Syphilis is a sexually transmitted infection caused by bacteria. This STBBI in on the rise in Canada. If left untreated, the infection can lead to very serious complications and even death.
Syphilis is transmitted through unprotected sex with an infected person (with or without symptoms). It can be transmitted while engaging in:
- Oral sex (fellatio, cunnilingus, anilingus)
- Vaginal penetration (penis penetrating the vagina)
- Anal penetration (penis penetrating the anus)
- Sharing sex toys
- Less frequently, masturbating or kissing an infected person
A mother can also pass the infection on to her baby during childbirth.
A person can become infected more than once in their lifetime.
Early symptoms may appear 3 to 90 days after contact with the infected person. Some people do not show any symptoms, do not know they have the infection, and can therefore pass it on without knowing. According to the Public Health Agency of Canada, an infected person who has symptoms may see the following signs:
- Non-painful sores on the penis, vulva, anus, cervix, or throat. A person does not always see or feel them. They may go away without treatment, but the person is still infected.
- Rashes or flu-like symptoms
- Swollen lymph nodes behind the ears, under the jaw, in the armpits, or along the groin.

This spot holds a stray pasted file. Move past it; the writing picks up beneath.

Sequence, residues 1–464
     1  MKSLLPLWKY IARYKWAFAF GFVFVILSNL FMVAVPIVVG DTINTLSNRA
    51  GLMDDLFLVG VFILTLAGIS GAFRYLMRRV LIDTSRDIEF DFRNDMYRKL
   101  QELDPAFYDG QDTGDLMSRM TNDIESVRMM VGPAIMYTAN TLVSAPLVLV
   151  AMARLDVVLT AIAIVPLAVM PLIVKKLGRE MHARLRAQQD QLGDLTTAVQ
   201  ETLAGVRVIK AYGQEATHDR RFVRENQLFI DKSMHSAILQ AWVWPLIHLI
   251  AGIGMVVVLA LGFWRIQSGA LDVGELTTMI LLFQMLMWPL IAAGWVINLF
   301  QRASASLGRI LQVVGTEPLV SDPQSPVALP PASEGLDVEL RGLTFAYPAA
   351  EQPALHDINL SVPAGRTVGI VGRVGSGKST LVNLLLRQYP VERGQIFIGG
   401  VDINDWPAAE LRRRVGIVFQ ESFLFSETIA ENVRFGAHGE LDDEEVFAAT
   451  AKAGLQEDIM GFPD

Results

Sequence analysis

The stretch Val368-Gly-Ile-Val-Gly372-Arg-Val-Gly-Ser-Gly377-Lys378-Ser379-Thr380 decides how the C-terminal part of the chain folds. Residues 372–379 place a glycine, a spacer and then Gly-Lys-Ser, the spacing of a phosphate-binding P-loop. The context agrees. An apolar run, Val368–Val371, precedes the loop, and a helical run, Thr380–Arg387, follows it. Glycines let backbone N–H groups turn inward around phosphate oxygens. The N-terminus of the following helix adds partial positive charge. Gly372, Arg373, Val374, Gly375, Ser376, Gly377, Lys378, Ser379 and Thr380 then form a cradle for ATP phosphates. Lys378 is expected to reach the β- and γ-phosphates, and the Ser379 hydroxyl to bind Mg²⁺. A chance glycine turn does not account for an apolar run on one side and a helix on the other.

All of these symptoms may go away on their own, but the infection is still present and can be transmitted. When in doubt, contact Info-Santé (811) or get tested.
Testing and treatment 🔍
Testing is done during a medical examination. It involves a swab of the infected area of the body, or a blood test.
Syphilis is treated with antibiotics prescribed by a physician. An infected person should not have sex during treatment and should only have sex after having tested negative for syphilis. Treatment for this infection requires long-term follow-up care from a physician.
To avoid contracting or transmitting syphilis, use a condom when engaging in oral sex, vaginal sex, or anal sex, and use a dental dam when engaging in cunnilingus or anilingus. Avoid sharing sex toys. Finally, ask your sexual partners if they have been tested recently.
If you have tested positive for syphilis, you should tell your partners so that they can get tested and avoid passing it on to other people. Find out how to talk about it here.
Sources: Public Health Agency of Canada; The Society of Obstetricians and Gynaecologists of Canada; CATIE